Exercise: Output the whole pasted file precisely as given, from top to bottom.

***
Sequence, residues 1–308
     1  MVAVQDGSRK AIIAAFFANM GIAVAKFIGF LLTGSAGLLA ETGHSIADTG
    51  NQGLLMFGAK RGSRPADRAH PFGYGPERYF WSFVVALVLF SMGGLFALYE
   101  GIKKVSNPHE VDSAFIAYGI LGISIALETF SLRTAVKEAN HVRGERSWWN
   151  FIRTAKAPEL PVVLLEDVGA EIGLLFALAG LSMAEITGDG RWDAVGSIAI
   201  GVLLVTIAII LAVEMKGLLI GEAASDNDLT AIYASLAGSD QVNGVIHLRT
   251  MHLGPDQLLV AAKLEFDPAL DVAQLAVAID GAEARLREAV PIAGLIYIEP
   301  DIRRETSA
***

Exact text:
Sequence, residues 1–308
     1  MVAVQDGSRK AIIAAFFANM GIAVAKFIGF LLTGSAGLLA ETGHSIADTG
    51  NQGLLMFGAK RGSRPADRAH PFGYGPERYF WSFVVALVLF SMGGLFALYE
   101  GIKKVSNPHE VDSAFIAYGI LGISIALETF SLRTAVKEAN HVRGERSWWN
   151  FIRTAKAPEL PVVLLEDVGA EIGLLFALAG LSMAEITGDG RWDAVGSIAI
   201  GVLLVTIAII LAVEMKGLLI GEAASDNDLT AIYASLAGSD QVNGVIHLRT
   251  MHLGPDQLLV AAKLEFDPAL DVAQLAVAID GAEARLREAV PIAGLIYIEP
   301  DIRRETSA